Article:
Crypto ATM: more regulation required

As the spread of cryptocurrency ATMs is accelerating, a recently released report by the U.S. Government Accountability Office (GAO) says the devices are widely used to facilitate payments for criminal acts, such as human trafficking and selling. of drugs. With this in mind, the report calls for strengthening supervision of crypto kiosks.

In its recommendations, the government agency says it proposes that The Financial Crimes Enforcement Network (FinCEN) and the Internal Revenue Service (IRS) review the registration requirements of crypto kiosks. According to the report, both institutions agree with the GAO's proposal.

“Although kiosk operators are required to register with FinCEN, they are not required to regularly report the specific locations of their kiosks. This limits the ability of federal agencies to identify kiosks in areas that have been designated as high risk for financial crime and could involve human and drug trafficking, ”the agency said.

The GAO argues that reviewing registration reporting requirements and taking necessary and appropriate actions to better identify individual kiosk locations could help FinCEN and IRS identify high-risk kiosk operators to monitor for compliance, as well as to improve the information available to law enforcement to identify potentially illegal transactions.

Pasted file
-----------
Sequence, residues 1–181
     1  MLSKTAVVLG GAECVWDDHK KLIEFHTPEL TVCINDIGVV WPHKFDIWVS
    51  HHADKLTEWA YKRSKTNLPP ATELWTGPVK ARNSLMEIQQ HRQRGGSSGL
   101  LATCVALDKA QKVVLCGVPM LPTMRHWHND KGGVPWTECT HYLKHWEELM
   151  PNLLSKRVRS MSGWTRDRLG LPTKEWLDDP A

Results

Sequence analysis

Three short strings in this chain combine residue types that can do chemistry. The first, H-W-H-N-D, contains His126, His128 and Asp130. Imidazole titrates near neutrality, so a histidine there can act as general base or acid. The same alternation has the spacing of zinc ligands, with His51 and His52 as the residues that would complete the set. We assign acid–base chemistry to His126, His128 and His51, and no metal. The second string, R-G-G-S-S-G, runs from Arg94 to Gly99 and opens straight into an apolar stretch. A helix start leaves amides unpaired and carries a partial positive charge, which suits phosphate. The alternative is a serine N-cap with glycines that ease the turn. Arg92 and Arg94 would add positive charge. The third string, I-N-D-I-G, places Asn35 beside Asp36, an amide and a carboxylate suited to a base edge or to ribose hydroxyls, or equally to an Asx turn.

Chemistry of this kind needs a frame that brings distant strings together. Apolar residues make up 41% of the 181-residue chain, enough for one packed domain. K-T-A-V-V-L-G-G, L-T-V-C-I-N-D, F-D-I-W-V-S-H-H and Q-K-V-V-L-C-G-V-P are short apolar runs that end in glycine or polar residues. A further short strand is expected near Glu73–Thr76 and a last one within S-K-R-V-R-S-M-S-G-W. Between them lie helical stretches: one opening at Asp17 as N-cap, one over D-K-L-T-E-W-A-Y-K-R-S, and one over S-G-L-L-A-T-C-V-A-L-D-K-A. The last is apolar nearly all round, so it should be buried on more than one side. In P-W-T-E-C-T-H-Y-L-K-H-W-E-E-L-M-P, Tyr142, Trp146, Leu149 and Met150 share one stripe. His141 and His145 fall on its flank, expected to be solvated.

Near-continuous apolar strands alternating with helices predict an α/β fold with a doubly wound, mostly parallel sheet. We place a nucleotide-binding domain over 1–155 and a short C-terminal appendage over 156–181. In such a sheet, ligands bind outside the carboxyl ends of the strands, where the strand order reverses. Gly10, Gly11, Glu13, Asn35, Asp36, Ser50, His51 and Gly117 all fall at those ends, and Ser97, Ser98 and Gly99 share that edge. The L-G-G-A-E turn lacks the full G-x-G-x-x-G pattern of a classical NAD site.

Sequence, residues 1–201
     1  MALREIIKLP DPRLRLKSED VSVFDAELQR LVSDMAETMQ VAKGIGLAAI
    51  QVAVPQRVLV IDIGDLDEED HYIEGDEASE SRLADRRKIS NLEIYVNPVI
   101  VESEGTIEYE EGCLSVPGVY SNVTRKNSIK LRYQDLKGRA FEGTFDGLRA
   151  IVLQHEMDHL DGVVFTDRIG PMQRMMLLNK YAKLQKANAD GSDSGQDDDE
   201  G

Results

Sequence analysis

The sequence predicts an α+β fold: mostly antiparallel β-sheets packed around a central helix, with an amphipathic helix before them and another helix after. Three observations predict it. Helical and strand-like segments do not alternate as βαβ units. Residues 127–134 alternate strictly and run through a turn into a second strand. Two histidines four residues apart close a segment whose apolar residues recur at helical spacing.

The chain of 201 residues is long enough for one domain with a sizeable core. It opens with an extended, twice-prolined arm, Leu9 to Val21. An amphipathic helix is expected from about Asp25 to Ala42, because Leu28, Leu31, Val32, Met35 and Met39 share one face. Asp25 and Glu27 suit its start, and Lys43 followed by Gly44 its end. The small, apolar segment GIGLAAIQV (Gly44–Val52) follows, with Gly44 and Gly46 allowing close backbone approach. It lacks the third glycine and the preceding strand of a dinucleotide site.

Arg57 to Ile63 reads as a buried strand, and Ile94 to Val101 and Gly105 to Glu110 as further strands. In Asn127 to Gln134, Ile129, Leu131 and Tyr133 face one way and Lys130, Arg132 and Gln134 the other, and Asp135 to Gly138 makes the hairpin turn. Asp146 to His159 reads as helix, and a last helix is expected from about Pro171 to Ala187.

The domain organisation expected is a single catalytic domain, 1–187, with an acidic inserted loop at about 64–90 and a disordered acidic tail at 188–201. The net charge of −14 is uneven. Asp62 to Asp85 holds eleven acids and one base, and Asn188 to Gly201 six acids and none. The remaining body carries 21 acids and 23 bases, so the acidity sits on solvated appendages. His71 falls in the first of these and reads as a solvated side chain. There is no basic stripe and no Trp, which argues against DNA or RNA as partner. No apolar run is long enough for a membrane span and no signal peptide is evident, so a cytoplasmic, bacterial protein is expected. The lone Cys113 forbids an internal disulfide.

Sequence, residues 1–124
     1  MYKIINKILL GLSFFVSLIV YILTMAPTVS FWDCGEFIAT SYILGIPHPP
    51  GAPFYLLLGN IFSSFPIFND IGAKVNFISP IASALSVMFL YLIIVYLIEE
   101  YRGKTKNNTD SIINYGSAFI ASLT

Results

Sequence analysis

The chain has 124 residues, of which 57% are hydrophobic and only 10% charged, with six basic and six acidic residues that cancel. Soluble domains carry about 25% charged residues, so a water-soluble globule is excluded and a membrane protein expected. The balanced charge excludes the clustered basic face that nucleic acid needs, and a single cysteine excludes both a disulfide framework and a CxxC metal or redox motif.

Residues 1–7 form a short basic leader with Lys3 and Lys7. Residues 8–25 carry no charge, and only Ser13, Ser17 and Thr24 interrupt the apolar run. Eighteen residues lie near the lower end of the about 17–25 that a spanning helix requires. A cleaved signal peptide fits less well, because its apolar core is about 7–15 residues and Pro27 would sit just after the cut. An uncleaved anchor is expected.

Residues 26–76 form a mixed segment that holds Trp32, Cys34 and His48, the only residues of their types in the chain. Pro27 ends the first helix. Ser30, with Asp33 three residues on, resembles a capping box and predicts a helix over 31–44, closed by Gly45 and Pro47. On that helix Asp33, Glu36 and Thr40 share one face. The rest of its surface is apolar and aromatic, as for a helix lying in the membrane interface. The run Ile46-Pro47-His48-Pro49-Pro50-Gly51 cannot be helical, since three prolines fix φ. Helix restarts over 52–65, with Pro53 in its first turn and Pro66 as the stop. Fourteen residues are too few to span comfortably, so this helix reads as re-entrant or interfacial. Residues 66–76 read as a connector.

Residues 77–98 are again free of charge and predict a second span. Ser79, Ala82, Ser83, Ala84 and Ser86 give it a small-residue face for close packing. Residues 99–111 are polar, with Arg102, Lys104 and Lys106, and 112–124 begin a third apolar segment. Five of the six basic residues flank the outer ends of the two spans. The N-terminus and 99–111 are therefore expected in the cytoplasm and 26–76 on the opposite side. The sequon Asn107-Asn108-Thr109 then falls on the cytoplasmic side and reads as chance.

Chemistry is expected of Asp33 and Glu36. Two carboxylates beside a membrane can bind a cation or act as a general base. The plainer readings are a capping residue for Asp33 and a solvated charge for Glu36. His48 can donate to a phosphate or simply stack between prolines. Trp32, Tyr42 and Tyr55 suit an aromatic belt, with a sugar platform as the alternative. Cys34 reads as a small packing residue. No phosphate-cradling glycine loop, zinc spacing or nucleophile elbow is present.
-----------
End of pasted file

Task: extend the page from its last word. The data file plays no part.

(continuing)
Data provided by the kiosk crowdsourcing website Coinatmradar.com suggests that last year brought a notable increase in the number of crypto ATMs around the world. Between January 1, 2021 and January 1, 2022, the number of such devices grew from 14,040 to 34,169 worldwide. Of these, around 29,963 crypto ATMs have been installed in the United States.

To justify its call for stricter regulations on cryptocurrency kiosks, the GAO cited a July 2020 study by the social justice movement Polaris Project, which suggested that cryptocurrencies are “the second most commonly accepted payment method out of 40 platforms in the online commercial sex market ”.

The agency's report also referred to the findings of the United States Department of Justice (DOJ) that cryptocurrencies "are increasingly being used to buy and sell illegal drugs on dark web markets and by drug cartels to launder their profits. ".

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